10.3 The role of preexisting thermal boundaries in the maintenance and rotation of deep convection in high-CAPE, low-shear environments

Wednesday, 6 October 2004: 2:00 PM
Adam L. Houston, University of Illinois, Urbana, IL; and R. B. Wilhelmson

The occurrence of long-lived deep convection and violent (F4-F5) tornadoes in the high-CAPE (>6000 J kg-1), low-shear (~6 m s-1 0-6km shear) environment of the 27 May 1997 central Texas event challenges the established paradigm of convective longevity and low-level rotation in high-CAPE, low-shear environments. Observational analysis of this event revealed that storm longevity was the result of both discrete and quasi-continuous cell redevelopment/maintenance near the intersection of the storm-generated gust front and cold front segment located north of the dryline. Because the southernmost extent of the storm gust front was located well south of the coldest air in the outflow, as a result of a horizontal distortion of the gust front by differential low-level winds across the front, cells developing near the intersection of the gust front and front were permitted to grow toward maturity before ingesting this coldest/most-stable outflow air. Additionally, analysis of tornado locations relative to boundary positions corroborated previous observations that tornadoes formed along the storm gust front not the dryline or cold front.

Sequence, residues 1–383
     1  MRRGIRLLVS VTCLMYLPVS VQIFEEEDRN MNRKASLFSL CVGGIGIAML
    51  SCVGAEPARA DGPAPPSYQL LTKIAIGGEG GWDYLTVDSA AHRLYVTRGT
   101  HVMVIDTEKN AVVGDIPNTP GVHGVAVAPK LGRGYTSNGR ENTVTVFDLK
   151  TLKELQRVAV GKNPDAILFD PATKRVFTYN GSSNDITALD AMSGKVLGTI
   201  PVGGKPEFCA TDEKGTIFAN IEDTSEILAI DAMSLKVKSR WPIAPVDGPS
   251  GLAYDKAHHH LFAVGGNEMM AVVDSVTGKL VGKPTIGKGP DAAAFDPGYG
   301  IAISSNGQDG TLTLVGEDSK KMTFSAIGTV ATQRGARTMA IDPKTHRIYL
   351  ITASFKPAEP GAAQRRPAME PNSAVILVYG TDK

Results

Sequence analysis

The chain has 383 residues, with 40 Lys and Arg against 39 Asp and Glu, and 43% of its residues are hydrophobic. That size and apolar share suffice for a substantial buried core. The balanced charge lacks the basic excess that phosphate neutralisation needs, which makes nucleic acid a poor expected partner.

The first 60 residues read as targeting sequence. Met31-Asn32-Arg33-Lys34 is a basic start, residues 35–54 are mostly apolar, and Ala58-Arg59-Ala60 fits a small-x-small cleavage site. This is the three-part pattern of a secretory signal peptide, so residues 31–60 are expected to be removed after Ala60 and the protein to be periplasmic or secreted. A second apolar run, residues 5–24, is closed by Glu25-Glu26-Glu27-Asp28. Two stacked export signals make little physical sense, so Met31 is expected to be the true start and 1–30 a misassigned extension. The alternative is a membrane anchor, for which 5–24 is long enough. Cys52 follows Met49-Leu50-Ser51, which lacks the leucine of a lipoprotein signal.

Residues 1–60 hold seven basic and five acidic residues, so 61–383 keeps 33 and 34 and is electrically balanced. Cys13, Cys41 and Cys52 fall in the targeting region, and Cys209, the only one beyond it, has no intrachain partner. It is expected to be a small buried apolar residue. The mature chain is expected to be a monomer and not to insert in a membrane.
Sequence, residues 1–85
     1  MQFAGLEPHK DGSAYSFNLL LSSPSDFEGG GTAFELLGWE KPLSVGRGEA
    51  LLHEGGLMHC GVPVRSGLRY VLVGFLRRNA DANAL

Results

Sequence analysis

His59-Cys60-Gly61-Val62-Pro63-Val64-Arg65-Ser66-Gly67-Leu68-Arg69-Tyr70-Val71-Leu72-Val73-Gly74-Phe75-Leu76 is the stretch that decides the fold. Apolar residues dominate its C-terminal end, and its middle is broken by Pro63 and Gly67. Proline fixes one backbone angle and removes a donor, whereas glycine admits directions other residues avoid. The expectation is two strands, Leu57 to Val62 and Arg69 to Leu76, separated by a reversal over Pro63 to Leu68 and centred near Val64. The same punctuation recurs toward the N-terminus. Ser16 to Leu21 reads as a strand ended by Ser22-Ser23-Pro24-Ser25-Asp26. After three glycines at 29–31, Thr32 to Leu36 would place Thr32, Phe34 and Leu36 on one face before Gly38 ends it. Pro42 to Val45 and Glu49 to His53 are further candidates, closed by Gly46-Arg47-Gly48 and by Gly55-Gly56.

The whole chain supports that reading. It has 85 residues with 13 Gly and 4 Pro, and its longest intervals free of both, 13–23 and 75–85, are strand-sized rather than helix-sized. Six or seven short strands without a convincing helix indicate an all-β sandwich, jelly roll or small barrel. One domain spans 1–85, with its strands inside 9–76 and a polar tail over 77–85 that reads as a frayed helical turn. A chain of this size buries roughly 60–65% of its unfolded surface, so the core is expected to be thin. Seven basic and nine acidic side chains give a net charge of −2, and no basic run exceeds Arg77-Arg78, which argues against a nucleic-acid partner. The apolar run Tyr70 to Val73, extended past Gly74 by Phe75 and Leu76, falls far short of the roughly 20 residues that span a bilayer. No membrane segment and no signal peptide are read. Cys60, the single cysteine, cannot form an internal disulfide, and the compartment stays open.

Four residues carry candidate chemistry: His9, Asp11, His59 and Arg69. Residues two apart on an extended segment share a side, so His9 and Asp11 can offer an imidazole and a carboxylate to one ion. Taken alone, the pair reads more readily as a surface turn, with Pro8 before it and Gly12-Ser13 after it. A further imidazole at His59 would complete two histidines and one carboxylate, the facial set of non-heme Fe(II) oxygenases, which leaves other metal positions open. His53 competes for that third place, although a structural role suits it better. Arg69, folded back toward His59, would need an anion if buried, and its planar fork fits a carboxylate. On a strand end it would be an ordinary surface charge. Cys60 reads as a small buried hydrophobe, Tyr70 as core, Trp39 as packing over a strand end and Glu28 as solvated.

In an attempt to identify (1) the possible mechanisms responsible for the regeneration of updrafts (and therefore storm longevity) along with (2) the possible sources of vertical vorticity in mesocyclones, cloud-scale simulations were performed with the Illinois Collaborative Model for Multiscale Atmospheric Simulations (ICOMMAS). Results indicate that long-lived deep convection is only supported when both the dryline and cold front are initialized. It appears that the enhanced forced ascent along the cold front segment along with the distortion of the storm-generated gust front are necessary for the rapid and systematic development of deep convection, however the distortion of the gust front alone is not sufficient for new cell production near the source of low-level vertical vorticity. Furthermore, consistent with observations, the simulated low-level rotation was found along the southern extent of the distorted gust front and was strongest when both the dryline and cold front were initialized. These results, along with results from Lagrangian vorticity budgets will be presented at the conference.

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